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In the early 1970s, one of NIJ’s staff had a “eureka” moment. He wondered if a new material called Kevlar, principally used in car tires, might work as a type of armor to protect police officers. Working with a colleague from the Defense Department, they convinced NIJ and DoD to work together to test out the idea.
By 1975, work on the project had progressed to the point where the material worked in controlled tests. Now it was time to field-test it. That summer, 5,000 prototype bullet-resistant vests, relatively soft and lightweight, were distributed to 15 urban police departments. But researchers knew what the next logical step was—analyzing the performance of a vest involved in an actual police shooting. And that meant that someone had to get shot while wearing one.
The uneasy vigil ended on the evening of December 23, 1975, when one of the vests stopped bullets fired at a Seattle police officer—and saved his life. And with that event NIJ claimed the first in a line of successes from its body armor standards and testing program—more than 3,000 police officer lives saved.
This issue of the NIJ Journal features an article describing NIJ’s body armor program on its 30th anniversary and summarizing a critical review of the program currently underway as part of the Attorney General’s Body Armor Safety Initiative.
This issue also explores how recent advances in another technology—biometrics—can protect people, in this case schoolchildren. NIJ recently sponsored a program evaluating iris-recognition technology in a New Jersey elementary school. Researchers evaluated how effectively the technology could identify the teachers, parents, and other adults who were supposed to be there—and keep out those who were not.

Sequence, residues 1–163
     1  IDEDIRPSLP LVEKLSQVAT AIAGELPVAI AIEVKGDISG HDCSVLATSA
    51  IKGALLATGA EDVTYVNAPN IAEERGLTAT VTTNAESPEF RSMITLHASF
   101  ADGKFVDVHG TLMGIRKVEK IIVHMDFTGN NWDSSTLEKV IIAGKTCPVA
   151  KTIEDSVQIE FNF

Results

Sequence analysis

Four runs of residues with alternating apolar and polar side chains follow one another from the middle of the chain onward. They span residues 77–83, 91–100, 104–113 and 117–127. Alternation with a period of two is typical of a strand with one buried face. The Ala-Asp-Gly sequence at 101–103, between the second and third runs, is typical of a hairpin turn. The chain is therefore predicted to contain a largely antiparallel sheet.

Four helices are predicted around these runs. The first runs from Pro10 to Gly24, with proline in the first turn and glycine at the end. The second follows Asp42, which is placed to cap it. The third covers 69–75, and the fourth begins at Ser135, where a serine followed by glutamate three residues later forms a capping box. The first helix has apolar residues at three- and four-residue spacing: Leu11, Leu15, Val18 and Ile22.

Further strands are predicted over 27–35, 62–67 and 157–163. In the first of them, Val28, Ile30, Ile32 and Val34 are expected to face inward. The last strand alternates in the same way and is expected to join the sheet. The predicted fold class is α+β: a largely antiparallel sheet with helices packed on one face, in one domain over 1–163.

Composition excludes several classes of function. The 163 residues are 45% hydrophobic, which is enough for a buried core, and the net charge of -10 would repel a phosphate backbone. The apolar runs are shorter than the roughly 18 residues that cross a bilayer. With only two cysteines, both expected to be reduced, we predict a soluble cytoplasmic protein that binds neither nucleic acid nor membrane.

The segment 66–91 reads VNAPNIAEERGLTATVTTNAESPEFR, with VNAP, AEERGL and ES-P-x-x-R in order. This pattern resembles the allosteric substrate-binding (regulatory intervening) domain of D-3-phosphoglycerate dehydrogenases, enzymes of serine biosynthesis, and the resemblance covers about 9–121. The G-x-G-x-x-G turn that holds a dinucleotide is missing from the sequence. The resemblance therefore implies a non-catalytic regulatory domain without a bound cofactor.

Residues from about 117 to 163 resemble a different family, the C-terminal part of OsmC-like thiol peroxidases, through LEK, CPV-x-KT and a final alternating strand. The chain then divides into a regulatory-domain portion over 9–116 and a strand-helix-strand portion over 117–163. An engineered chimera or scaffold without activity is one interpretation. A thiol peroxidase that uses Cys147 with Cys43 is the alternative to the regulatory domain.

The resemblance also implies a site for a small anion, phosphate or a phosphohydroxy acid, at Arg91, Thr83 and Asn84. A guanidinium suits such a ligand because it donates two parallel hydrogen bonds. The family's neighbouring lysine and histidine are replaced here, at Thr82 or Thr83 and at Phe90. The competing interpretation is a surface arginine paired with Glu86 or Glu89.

But technology can cut both ways. Just as law enforcement uses technology to prevent or investigate crime, persons who commit crimes use technology to commit crime. Often, State and local police departments must scramble to keep up. To help them, NIJ sponsors the Electronic Crimes Partnership Initiative (ECPI), a group of law enforcement practitioners who train police officers to investigate and solve computer crimes and to search for and collect digital evidence in criminal investigations. Their work is featured in “How Law Enforcement Can Level the Playing Field With Criminals.”
In response to the global rise of suicide terrorism, NIJ convened an international panel of specialists to discuss how to use research to understand the dynamics of this troubling phenomenon, to combat its use, and to mitigate its effects. You can read a summary of that conference in this edition.
The articles in this issue of the NIJ Journal exemplify the wide-ranging scope of NIJ’s research, development, and evaluation activities—and the dedication and creativity of its employees—in pursuit of an improved criminal justice system. I hope you will find something of interest in the pages that follow.
Glenn R. Schmitt
Acting Director, National Institute of Justice